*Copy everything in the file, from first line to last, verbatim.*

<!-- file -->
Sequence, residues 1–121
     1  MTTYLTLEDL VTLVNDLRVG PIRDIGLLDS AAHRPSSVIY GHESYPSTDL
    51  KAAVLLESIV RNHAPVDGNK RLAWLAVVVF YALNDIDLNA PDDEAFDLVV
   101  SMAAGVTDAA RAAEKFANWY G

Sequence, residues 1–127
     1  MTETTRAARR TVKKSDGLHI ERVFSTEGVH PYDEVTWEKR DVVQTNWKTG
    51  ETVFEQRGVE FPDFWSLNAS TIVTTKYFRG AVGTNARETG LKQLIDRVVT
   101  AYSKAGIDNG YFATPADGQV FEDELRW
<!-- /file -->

Sequence, residues 1–121
     1  MTTYLTLEDL VTLVNDLRVG PIRDIGLLDS AAHRPSSVIY GHESYPSTDL
    51  KAAVLLESIV RNHAPVDGNK RLAWLAVVVF YALNDIDLNA PDDEAFDLVV
   101  SMAAGVTDAA RAAEKFANWY G

Sequence, residues 1–127
     1  MTETTRAARR TVKKSDGLHI ERVFSTEGVH PYDEVTWEKR DVVQTNWKTG
    51  ETVFEQRGVE FPDFWSLNAS TIVTTKYFRG AVGTNARETG LKQLIDRVVT
   101  AYSKAGIDNG YFATPADGQV FEDELRW